Proliferative diabetic retinopathy (PDR) involves the growth of new lymphatic vessels in addition to blood vessels, according to new research from investigators at the University of Helsinki in Finland.1 The research, published in the Journal of Pathology, used 3D whole-mount immunofluorescence and electron microscopy and ex vivo analysis to uncover expression of lymphatic markers in the PDR tissues. The finding suggests the ischemia- and inflammation-induced human PDR microenvironment also supports pathological neolymph vascularization, according to the researchers. The study’s abstract indicates this knowledge brings “a new concept to the PDR mechanisms and targeting options.”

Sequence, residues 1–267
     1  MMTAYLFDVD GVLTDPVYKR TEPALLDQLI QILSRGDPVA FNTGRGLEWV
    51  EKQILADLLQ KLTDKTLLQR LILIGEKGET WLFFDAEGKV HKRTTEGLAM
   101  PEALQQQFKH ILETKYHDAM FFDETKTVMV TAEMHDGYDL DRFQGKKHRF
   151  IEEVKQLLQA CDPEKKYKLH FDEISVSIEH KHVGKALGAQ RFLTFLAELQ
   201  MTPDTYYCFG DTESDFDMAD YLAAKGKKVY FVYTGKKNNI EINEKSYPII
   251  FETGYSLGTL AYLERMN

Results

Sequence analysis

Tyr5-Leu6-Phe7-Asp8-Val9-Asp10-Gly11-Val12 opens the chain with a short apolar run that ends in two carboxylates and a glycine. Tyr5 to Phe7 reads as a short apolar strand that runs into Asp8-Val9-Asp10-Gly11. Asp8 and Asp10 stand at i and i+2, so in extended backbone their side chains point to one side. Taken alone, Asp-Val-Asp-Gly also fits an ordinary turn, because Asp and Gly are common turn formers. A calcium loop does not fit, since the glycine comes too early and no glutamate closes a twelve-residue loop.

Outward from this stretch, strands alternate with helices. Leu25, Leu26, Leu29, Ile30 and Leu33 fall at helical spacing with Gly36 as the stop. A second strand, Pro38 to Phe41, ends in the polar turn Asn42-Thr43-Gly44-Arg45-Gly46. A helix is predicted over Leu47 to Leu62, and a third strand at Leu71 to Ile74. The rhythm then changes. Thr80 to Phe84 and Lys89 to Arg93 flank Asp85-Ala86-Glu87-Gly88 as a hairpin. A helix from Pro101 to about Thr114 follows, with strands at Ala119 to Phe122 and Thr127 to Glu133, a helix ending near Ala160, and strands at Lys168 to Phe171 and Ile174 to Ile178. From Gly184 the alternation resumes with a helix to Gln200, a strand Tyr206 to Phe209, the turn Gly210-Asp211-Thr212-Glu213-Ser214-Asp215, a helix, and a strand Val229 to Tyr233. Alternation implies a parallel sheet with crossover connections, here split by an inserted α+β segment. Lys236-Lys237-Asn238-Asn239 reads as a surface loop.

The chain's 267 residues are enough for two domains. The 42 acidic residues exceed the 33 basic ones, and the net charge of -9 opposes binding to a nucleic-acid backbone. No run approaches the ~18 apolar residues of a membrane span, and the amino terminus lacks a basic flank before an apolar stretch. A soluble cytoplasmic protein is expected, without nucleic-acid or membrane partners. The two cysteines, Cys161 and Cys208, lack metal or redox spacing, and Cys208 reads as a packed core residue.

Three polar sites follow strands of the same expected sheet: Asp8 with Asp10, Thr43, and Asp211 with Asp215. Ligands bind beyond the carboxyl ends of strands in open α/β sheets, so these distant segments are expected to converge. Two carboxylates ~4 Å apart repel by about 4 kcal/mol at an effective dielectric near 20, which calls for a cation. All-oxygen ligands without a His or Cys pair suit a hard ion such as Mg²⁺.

“It is increasingly clear that studying the microenvironment is of fundamental importance to understand the mechanisms of a disease,” according to the team’s research director, Kaisa Lehti, who issued a statement to the university’s website.2

The same release explained that knowing PDR’s connection to lymphangiogenesis led to the question of whether PDR involved the growth, or differentiation, of new lymphatic vessels.

1. Gucciardo E, Loukovaara S, Korhonen A, et al. Microenvironment of proliferative diabetic retinopathy supports lymphatic neovascularization. J Pathol. March 18, 2018. [Epub ahead of print].
2. Lehtinen P. The microenvironment of diabetic retinopathy supports lymphatic neovascularization. University of Helsinki. March 23, 2018. Accessed March 30, 2018.